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How doing a twist helps DNA replicate

14 March 2011
Twisted telephone handset wires are notoriously difficult to undo. Biology however uses this twisting or supercoiling effect to pack the genetic material tightly in the nuclei of cells. DNA is a right-handed double helix with one full turn being made for roughly every 10.5 base pairs. When the helix is twisted more or less tightly it causes the DNA to form supercoils, similar to twists in a telephone wire. If the DNA molecule is wound more tightly in the direction of the DNA helix (right handed) then the molecule is said to be positively supercoiled, whereas if the DNA is made less tightly wound (by applying a left-handed twist) it is said to be negatively supercoiled.

Positive and negative supercoiling causes the DNA to form loops or figure 8s, but in opposite directions (see graphic below). Many biological processes involve the opening of the DNA helix by specialised machines that rotate DNA – helicases. By their nature, helicases cause DNA supercoiling, which can cause problems for other cellular processes such as DNA replication. To resolve these problems cells employ specialised machines called topoisomerases, able to resolve the conformational alterations by breaking and rejoining DNA molecules.

In addition to changes to conformation occurring in the same DNA molecule, cells need to remove links that occur between different molecules of DNA, for instance between sister chromatids during DNA replication. A specialised topoisomerase (topoisomerase II) does this job by breaking one DNA molecule and passing the second DNA molecule through the break before rejoining the broken ends.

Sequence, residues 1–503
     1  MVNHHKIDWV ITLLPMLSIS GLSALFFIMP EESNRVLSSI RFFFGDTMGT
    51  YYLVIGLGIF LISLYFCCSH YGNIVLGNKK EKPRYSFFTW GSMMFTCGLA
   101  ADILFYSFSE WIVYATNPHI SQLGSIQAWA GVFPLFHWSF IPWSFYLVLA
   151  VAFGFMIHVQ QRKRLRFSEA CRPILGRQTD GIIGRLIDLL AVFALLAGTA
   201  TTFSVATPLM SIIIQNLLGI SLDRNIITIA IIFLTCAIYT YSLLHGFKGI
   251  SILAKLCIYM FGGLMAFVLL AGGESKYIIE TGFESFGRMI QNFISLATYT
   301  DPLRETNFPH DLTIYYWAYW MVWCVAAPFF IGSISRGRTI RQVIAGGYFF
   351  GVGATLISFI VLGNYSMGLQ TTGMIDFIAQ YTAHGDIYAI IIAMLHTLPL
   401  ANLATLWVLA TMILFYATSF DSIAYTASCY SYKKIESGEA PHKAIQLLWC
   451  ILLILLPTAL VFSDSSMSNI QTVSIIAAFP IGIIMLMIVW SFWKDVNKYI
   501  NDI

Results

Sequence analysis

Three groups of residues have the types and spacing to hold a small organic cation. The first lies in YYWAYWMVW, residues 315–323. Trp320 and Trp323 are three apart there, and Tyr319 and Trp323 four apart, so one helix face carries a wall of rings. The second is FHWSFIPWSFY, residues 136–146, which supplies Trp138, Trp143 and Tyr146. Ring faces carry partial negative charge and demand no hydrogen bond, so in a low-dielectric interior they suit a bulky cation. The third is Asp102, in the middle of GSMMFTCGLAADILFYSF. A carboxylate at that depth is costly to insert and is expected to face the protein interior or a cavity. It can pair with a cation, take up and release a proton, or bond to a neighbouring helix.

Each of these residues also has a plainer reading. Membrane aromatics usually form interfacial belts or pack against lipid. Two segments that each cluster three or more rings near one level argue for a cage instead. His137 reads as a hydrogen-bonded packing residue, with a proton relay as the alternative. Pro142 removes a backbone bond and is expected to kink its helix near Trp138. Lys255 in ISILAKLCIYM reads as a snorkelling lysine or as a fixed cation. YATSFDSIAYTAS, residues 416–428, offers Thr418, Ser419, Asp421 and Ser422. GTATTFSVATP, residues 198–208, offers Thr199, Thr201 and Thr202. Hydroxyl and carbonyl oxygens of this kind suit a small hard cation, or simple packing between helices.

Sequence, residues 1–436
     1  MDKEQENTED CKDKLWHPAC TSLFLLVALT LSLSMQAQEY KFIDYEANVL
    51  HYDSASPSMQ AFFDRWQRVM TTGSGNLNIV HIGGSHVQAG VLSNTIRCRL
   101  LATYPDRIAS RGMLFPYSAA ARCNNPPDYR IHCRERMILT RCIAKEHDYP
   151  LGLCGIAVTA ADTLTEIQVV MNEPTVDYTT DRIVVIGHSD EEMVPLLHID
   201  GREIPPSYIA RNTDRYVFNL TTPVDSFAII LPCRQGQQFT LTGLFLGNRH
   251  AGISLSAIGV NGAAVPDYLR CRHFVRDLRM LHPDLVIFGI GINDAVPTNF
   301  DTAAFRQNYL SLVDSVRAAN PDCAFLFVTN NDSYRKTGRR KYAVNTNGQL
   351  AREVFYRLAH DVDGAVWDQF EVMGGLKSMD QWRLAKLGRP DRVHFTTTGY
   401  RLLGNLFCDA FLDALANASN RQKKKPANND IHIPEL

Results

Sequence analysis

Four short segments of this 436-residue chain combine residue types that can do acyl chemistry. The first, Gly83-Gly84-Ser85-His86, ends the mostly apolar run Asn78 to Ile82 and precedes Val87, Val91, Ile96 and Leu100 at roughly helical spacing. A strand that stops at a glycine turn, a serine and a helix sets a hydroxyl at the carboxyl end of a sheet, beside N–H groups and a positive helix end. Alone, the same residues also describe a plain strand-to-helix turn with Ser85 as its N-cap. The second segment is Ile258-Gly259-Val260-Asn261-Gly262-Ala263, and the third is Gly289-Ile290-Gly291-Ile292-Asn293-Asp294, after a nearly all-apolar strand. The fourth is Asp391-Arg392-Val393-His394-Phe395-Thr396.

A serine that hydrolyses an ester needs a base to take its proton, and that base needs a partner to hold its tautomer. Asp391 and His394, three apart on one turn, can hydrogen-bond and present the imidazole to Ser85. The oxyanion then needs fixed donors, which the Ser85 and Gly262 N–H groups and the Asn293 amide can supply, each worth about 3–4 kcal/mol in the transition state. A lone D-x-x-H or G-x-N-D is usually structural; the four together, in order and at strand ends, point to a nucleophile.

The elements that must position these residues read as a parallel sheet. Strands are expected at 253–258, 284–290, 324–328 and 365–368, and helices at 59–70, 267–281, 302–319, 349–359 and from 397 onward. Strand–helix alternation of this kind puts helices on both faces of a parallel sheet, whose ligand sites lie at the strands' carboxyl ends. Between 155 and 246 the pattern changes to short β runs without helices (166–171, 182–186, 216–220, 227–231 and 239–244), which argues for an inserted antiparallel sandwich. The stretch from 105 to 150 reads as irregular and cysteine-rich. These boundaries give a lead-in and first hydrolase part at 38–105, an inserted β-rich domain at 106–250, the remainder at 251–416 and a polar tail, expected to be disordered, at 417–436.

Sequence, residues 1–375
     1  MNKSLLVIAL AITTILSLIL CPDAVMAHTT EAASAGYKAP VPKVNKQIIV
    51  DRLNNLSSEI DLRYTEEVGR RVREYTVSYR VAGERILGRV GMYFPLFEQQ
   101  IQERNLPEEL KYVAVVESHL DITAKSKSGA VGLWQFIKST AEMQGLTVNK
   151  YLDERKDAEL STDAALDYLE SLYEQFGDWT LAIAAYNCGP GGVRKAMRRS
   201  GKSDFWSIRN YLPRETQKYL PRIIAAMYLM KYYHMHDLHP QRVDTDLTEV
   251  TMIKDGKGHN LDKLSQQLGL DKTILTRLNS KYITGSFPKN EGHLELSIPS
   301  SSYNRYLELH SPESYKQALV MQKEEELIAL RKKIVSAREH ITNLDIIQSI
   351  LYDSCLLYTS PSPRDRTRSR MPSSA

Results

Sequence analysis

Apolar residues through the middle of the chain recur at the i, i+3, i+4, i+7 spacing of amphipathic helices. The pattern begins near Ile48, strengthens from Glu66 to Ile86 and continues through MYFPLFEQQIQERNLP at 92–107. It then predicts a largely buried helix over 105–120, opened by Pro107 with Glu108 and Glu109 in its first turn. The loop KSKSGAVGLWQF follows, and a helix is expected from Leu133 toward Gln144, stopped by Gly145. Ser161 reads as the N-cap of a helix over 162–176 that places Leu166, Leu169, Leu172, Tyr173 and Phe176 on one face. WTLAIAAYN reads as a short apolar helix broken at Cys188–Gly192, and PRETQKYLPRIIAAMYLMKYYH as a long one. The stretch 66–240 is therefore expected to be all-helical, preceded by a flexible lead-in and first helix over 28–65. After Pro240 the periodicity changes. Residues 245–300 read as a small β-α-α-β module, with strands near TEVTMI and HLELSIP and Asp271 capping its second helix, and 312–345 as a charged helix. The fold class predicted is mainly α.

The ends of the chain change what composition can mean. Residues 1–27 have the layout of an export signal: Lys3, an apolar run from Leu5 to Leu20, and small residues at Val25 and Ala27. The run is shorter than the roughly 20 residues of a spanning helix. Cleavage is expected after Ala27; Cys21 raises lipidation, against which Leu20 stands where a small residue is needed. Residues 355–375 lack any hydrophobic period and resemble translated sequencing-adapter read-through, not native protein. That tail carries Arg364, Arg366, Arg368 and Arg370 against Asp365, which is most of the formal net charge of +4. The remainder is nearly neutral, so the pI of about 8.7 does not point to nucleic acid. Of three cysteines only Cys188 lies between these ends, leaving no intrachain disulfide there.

Creative Commons (wikimedia)

"It has been long known that DNA replication causes the resulting sister chromatids to be linked or intertwined, explains Luis Aragon of the CSC Cell Cycle Group, "but for cell division to proceed, these intertwines need to be resolved, because sister chromatids must be physically separated. Although we know that topoisomerase II removes the links between sister chromatids, we also know that it is equally likely to introduce them. How its activity is regulated to ensure that its activity has a bias towards removal rather than introduction of links is one of the long-standing questions of mitosis."

Jonathan Baxter and Nicholas Sen, researchers in Luis’s team, and their collaborators have discovered why topoisomerase II specifically removes links between sister chromatids during mitosis. The results of their study have recently been published in the journal Science.

Studying circular plasmids in yeast the scientists showed that when cells enter mitosis, DNA plasmids change their global topology and become highly wound or positively supercoiled. They then showed that in the mitotic topological state "topoisomerase II specifically removes links between sister DNA plasmid molecules, rather than introducing them or acting on individual plasmids to change their supercoiling status," says Luis.

The team also found that cells have dedicated machines to promote the topological change associated with mitosis, called the Condensin complex. They propose a new model explaining how cells manage to ensure that topoisomerase II removes every single link between sister chromatids before chromosome segregation. These findings are medically relevant because many chemotherapeutic cancer treatments use inhibitors of topoisomerase II.

This research appears in Science

Reference:
Baxter, J., Sen, N., Martínez, V. L., De Carandini, M. E. M., Schvartzman, J. B., Diffley, J. F. X., Aragón, L., Mar. 2011. Positive supercoiling of mitotic DNA drives decatenation by topoisomerase II in eukaryotes. Science 331 (6022), 1328-1332.



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